My partner and I recently had a revelation. Creating and committing to a ‘post-work persona plan’ can play a big part in helping us establish a new identity—one that demonstrates growth and offers a fresh start after spending years with our ‘career identity’ front and centre. It may take a little time and some creative thinking, but it will be well worth the effort as we transition into retirement. And if it’s a well thought out plan, it could sustain us for the next (possibly) twenty to thirty years.
We’ve done some research and found a few tips that could help people plan their journey into retirement. One conclusion is clear: relationships are central to building a happy and fulfilling life in retirement. So, unless someone’s an intentionally solitary creature (and that’s okay) we need to think about building bridges to existing relationships that need a boost and making an effort to make new ones.
Out With Old Habits – In With New Ideas
A good way to start breaking free of any old thought patterns, habits and beliefs that could be limiting as we enter retirement is to write down our response to the following list. It covers most aspects of our lives, and it’s roughly the same list of topics we address every month here on the blog for Everything Retirement. A successful retirement involves taking a hard look at our lifestyle, values and goals going forward now that work isn’t the main driving force. And that’s not to say that continuing to work to some extent post-retirement isn’t a possibility.
Let’s get started. On a scale of 1 to 10 with 10 being excellent, rate your life satisfaction in each of the following areas?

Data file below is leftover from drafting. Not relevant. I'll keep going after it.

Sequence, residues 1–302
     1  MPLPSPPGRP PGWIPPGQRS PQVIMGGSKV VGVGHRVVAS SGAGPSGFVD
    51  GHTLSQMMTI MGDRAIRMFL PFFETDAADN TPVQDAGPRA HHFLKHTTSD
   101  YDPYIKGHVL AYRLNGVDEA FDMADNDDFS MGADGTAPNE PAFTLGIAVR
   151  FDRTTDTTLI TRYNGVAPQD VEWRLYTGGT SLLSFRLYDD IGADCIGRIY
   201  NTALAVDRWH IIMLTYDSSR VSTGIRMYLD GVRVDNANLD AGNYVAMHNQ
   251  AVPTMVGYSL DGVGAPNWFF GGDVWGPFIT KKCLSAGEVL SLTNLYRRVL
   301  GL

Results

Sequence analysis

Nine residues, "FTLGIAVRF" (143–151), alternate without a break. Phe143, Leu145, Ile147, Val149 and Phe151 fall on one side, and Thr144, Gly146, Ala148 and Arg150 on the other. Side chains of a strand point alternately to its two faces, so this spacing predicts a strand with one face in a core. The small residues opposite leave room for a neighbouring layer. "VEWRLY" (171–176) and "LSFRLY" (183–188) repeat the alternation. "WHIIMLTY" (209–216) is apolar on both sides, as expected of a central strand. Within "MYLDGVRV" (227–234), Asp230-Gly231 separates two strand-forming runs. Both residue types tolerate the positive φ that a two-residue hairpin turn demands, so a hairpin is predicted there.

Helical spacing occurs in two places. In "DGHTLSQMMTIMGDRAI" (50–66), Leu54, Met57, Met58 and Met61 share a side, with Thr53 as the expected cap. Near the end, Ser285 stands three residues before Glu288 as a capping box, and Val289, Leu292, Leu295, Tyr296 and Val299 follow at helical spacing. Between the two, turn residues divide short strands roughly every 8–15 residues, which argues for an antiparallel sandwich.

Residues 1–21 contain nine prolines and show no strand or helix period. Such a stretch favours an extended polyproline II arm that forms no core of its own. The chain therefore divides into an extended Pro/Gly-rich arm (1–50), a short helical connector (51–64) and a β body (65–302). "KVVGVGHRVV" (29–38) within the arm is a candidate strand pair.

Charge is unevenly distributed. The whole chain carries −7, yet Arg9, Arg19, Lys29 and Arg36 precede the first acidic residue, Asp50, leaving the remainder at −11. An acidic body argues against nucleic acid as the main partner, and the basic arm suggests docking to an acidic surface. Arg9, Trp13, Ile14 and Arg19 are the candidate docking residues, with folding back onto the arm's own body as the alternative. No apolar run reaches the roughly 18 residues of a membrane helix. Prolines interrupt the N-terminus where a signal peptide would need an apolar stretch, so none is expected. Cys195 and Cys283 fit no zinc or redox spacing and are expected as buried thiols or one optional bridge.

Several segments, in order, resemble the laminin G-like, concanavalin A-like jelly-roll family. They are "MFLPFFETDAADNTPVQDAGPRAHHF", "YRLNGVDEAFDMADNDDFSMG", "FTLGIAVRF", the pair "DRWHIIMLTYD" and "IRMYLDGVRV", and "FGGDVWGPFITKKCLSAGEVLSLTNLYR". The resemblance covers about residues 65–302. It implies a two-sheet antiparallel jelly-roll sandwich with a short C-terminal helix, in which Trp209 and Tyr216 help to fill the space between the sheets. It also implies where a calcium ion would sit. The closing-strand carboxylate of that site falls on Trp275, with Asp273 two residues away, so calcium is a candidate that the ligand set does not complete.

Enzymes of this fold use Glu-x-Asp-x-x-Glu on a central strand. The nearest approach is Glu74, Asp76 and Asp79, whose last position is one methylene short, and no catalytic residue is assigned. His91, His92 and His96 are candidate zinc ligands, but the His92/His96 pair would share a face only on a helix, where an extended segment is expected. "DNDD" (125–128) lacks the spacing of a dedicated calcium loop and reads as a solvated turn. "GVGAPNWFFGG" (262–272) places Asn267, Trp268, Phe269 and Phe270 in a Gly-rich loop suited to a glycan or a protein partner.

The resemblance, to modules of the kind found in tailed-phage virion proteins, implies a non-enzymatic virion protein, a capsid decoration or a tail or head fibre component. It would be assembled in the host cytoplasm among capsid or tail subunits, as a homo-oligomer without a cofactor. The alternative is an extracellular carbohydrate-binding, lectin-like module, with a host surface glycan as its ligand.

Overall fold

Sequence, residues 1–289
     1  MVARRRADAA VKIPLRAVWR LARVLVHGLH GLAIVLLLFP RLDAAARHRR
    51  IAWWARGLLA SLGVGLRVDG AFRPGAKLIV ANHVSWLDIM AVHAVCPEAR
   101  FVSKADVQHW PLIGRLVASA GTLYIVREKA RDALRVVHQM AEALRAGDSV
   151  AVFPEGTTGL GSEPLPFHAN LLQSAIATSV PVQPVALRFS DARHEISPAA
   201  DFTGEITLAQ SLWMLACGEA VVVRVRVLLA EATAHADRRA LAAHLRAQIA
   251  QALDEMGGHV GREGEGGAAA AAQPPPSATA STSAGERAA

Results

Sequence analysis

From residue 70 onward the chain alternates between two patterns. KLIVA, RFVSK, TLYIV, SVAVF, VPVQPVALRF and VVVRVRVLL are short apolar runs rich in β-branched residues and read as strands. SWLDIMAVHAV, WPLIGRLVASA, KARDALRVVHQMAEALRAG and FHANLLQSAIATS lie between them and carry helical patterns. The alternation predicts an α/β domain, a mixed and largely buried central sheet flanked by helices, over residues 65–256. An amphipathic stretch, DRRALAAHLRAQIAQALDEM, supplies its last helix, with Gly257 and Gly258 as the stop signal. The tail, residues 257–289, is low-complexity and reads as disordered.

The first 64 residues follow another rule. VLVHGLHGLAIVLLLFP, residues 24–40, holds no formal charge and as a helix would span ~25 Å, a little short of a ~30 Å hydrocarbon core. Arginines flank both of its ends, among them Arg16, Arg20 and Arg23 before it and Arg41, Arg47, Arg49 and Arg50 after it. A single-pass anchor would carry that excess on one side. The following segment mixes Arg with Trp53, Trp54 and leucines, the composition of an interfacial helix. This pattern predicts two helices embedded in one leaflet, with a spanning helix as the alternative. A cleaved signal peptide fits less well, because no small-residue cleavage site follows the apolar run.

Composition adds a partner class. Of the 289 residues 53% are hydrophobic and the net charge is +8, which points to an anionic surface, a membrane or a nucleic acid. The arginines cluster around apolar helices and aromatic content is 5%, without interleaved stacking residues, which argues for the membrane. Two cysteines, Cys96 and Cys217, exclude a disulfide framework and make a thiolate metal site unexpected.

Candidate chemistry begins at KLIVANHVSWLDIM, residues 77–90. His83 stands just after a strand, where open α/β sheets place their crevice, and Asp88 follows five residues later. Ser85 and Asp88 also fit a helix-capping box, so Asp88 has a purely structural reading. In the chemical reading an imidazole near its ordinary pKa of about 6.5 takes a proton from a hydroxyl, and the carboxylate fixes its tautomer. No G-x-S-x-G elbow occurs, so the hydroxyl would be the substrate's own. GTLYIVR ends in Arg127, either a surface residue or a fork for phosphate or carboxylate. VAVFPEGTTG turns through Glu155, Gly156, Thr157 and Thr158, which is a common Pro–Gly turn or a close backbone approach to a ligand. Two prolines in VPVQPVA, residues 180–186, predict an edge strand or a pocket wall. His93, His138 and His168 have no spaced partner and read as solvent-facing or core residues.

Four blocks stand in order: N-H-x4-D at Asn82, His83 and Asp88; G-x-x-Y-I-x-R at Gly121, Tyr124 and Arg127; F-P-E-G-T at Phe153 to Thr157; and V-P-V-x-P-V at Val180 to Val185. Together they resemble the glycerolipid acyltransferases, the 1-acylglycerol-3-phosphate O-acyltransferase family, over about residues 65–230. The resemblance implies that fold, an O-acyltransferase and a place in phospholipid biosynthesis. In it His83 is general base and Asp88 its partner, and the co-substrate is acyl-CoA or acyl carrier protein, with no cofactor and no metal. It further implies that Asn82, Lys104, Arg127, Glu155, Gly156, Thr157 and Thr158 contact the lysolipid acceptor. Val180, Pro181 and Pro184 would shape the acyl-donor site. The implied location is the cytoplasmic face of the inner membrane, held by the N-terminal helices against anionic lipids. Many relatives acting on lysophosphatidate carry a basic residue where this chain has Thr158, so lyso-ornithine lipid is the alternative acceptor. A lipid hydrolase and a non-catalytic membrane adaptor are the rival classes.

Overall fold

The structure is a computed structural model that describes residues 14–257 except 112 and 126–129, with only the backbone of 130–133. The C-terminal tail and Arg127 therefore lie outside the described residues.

- Home environment/lifestyle
- Health and wellbeing
- Financial standing
- Recreation and fun
- Work (new endeavour/volunteering)
- Personal growth
Your score, or ratings if you prefer, will help you understand which aspects of your current lifestyle need help. It does come down to a question of who you are outside of work or who you want to become, and what you value most. It could be just one true thing, or a combination of things that will ultimately define you. Use the answers to these questions as a lens through which to navigate the beginning of a stimulating retirement life.
Celebrate the Stage of Life You’re In
We all go through different life stages. During each one, people generally have specific dreams and goals which could be anything from pursuing higher education, choosing a career path, getting involved in a long-term relationship (getting married, cohabiting, or deciding to stay single), choosing to have a family or not, travelling around the world, becoming the best ‘whatever/whoever’ it is we want to be best at, and so on.
And then there’s retirement; often considered the final stage, but it doesn’t have to be. It can be a new beginning especially if we don’t let past regrets or disappointments hamper us.
Mark the Occasion